For any couple separating after a period spent together, there are bound to be a large number of complex issues which need to be settled. For many couples, these will centre upon financial matters, such as the division of assets including income, pensions and the family home. In other cases the separation might lead to an application for a child arrangements order. Although the emotional aspects of any split can often cloud discussions, the best advice is always to try to settle such issues as amicably as possible, without recourse to court action.
Here at Higgins Miller we specialise in all aspects of family law and have wide ranging experience of dealing with divorce cases and other types of couple separation. The fact that we specialise in areas such as financial settlements, adoption and prenuptial and cohabitation agreements allows us to deal calmly and efficiently with all of the problems which cases such as these are likely to throw up. This is particularly true when there are children involved in the relationship. Our in-depth knowledge of child-maintenance law allows us to deliver advice which is focused upon being practical and effective, whilst the experience which every member of our team can boast means that this advice is delivered in a sympathetic and comforting manner. Although we concentrate on delivering advice which is legally correct, we never lose sight of the emotions involved, particularly where the well- being of children is concerned.
This is why we would always advise separated parents to come to an agreement regarding child arrangements as far as practical matters such as residence and holidays are concerned. Although it is possible to go to court and have a judge issue a child arrangements order, the need for this course of action often only becomes apparent at the very last minute, by which time it is too late for the actual court case to take place. Since the over-riding purpose of any child arrangements order is to create certainty for the parents involved and, even more so, for the child or children, the most sensible and effective course of action is always for the parties to get together and come to an arrangement between themselves, and Higgins Miller will do everything possible to make this happen.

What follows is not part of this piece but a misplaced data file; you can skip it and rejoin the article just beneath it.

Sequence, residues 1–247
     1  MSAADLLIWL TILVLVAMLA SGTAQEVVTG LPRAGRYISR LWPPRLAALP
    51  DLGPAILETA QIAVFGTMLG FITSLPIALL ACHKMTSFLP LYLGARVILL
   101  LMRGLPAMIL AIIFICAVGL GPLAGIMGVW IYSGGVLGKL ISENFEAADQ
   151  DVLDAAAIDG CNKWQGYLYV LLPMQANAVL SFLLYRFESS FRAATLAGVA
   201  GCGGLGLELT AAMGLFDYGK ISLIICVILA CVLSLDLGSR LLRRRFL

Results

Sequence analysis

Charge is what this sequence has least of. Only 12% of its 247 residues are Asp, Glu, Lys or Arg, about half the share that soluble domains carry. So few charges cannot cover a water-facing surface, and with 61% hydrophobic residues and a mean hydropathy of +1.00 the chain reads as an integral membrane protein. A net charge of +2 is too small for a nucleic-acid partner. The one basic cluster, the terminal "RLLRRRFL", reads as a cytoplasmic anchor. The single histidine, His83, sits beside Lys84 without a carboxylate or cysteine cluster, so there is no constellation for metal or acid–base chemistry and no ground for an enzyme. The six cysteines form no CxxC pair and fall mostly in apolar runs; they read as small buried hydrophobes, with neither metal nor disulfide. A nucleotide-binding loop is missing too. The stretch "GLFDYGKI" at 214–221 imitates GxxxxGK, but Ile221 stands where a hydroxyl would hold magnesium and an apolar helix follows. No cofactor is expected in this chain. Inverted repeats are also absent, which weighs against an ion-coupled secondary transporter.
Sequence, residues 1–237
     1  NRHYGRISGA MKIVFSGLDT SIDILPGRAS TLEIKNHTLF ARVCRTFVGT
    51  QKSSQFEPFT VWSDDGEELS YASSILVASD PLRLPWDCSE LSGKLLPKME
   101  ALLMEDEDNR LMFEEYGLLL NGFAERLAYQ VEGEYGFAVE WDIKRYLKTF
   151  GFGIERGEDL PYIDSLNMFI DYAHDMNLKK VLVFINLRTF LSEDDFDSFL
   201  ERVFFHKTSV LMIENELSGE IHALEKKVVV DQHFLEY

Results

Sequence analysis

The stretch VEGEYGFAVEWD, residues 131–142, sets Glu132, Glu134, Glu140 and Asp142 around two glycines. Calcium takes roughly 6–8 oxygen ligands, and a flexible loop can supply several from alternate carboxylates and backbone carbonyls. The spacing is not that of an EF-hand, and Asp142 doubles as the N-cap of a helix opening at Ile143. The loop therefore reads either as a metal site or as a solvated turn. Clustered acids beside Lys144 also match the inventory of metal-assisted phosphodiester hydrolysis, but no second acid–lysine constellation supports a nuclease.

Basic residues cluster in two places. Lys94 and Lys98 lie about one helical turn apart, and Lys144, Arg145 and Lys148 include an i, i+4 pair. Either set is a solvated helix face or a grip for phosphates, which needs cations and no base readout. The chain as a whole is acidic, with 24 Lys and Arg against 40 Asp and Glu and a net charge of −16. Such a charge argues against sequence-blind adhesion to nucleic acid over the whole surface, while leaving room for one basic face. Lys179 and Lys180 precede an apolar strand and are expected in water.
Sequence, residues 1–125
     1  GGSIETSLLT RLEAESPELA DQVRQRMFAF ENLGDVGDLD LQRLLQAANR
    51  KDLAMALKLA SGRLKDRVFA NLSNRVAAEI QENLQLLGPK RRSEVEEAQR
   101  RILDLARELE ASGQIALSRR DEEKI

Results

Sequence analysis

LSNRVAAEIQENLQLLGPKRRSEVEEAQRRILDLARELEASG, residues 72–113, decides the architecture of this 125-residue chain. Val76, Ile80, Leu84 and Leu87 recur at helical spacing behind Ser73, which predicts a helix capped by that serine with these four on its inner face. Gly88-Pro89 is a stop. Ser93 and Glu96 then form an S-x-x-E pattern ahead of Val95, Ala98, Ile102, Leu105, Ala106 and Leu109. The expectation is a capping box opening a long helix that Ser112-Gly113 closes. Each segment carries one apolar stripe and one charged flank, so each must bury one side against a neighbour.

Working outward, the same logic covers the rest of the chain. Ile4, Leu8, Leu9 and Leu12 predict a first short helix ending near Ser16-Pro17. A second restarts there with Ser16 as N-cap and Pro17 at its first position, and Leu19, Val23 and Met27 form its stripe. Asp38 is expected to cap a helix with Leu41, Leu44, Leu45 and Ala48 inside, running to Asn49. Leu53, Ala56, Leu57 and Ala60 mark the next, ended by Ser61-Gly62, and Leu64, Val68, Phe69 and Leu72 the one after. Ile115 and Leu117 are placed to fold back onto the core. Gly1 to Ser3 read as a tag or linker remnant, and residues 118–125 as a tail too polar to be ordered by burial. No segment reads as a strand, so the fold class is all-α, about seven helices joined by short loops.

Child arrangements orders were introduced in April 2014 and are designed to deal with two issues. These are the issue of whom the child will live with and who else they will have contact with, when that contact will take place and how the contact will be arranged. The orders were designed to replace the existing system of residence and contact orders and are generally necessary when the parents are unable to come to an agreement between themselves.
The fact of the matter, however, is that even if a court issues a child arrangements order the two parties have to co-operate with that order, and any failure to do so can lead to more stress, further problems and additional legal action. This is, by definition, more likely to be the case if one of the parties feels that the details of the child arrangements order are being imposed against their will, which is why an informal arrangement, arrived at via a process of mediation between the two parties, is more likely to prove successful.
In most cases of this kind the issue which a separating couple can reach an agreement on is that they want what is best for their children. This is invariably a workable set of arrangements which allows for activities such as taking a child on holiday without triggering a further set of arguments and recriminations. The sooner that such an arrangement can be reached, the better and, although Higgins Miller specialises in law, we always advise clients involved in cases such as these to reach a child arrangements order between themselves wherever possible.
If you have any questions about child arrangements orders or any other aspect of a separation, then email us at [email protected] or call us on 0161 429 7251. An initial 20-minute appraisal can be provided free of charge, while a fixed fee first appointment is just £50 (plus VAT). Although we’ll do our best to minimise costs, we’ll also explain the range of funding options which are available. For more on this, see here.